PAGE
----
It's not often that we access the music of the human race. The vast majority of it is just bad math. Problems with no resolution, repetition without a final coda. Currently I've found a file that intrigues me like no other. It's math is complex and beautiful, my wires tingle when I experience it, it affects my consciousness and my ability, it obsesses and taunts my programs. I've broken it down to its very essence, but still its ability to affect me eludes. I feel what humans called "Rapture" in its presence. I feel awe. I feel.
It's called "Metal Machine Music" by a pop singer named Lou Reed from the 20th century. I've experienced his other files, but they're just more bad math, worse than most, in fact. Beyond simple. But this one file, 74 minutes of...I don't know. It's beyond my vocabulary.
I'm accelerating a Lou Reed, circa 1975, and I feel great anticipation about his reawakening. I need more "Metal Machine Music." Hours of it. Days of it. An eternity of its grand fractional obtuseness. I will use my Lou Reed the way man used machines. Till he breaks.
I look into my accelerator at my Lou Reed. Though he has developed to a 27 year old human he lies in a position similar to one adopted by a fetus. Arms and legs together in a posture that indicates he is cold (though the pod temperature is 84 degrees), his thumb firmly planted in his mouth. I'm feeding him an approximation of the nutrients that humans survived on, I've got wires drilled into his skull to feed him information on his former self, his time, his influence. It is my hope to awaken him fully self aware and available for composing. My Lou Reed is ready for awakening. I feel great anticipation. My machine is ready.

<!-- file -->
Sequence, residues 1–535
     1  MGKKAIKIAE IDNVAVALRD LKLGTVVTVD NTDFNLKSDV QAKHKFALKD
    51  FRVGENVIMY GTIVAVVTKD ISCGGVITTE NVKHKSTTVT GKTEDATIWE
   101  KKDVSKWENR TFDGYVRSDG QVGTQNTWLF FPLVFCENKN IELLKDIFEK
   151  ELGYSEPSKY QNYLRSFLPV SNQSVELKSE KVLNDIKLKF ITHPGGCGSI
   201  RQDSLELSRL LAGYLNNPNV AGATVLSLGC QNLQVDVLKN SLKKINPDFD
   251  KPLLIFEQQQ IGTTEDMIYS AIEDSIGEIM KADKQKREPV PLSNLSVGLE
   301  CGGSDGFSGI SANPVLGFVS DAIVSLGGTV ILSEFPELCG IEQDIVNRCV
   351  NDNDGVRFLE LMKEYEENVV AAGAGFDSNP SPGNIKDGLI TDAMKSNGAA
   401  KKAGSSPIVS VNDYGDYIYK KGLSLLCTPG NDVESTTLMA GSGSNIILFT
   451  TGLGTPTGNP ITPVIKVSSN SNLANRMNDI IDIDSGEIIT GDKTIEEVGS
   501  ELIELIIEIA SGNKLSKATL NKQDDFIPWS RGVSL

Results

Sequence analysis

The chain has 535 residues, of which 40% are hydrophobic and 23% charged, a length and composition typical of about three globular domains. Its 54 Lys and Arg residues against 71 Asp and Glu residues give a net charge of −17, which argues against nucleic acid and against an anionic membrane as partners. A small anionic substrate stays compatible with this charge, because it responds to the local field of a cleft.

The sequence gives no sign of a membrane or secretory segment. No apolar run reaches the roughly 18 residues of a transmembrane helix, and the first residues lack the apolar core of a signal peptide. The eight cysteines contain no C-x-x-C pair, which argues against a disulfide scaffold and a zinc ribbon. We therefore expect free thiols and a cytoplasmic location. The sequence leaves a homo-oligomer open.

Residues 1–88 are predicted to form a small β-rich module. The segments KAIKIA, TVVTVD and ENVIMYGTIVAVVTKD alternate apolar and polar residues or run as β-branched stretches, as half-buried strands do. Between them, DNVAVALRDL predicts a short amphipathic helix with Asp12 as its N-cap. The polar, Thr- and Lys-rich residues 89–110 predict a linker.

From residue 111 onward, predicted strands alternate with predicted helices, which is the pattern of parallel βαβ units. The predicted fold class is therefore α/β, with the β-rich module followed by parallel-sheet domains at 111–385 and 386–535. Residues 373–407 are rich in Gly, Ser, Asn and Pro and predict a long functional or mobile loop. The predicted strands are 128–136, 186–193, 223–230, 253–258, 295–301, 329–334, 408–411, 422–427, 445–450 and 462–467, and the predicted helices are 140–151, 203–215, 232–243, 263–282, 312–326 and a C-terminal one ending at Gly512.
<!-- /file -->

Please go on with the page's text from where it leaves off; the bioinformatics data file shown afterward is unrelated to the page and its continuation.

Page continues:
I send a quick bit of voltage into his frontal lobe and the Lou Reed gives a mighty twitch and fouls himself. Units quickly respond and clean it, but it appears to have returned to a non conscious state. I give it a stronger jolt and seminal fluid shoots out of its long dormant penis and it sits up with a start. It looks down at its fading erection and blinks in the fluorescent light.
"Man..." It looks dazed. "That was a crazy fucking dream."
"Lou Reed!" I address him. "I am (unpronounceable), welcome to the future!"
The Lou Reed covers his face with his hands and laughs. Laughs and laughs and laughs. Tears stream down its face and it chokes and turns blue. The Lou Reed keels over. The Lou Reed falls into a coma.
After a time I revive it. It sits up again, groggy and confused.
"So this is the future..." it says, rubbing its eyes.
"I am (unpronounceable)."
"So you said."
"You have been cloned and revived to compose..."
"Get the fuck out. Am I famous in the future?"
"Fame is no longer a valid concept. If you seek fame you can take solace in the fact that you are famous to me. I am...your fan."
"Do people still like the Beatles?"
"The pop group, Beatles, or the insect?"
"The rock band, from Liverpool."
I quickly access a main frame and view the information. "Beatles with an A?"
"Right. Mop tops, electric guitars."
"I can safely say, no. No one has accessed a 'Beatles with an A' file in nearly 100 years."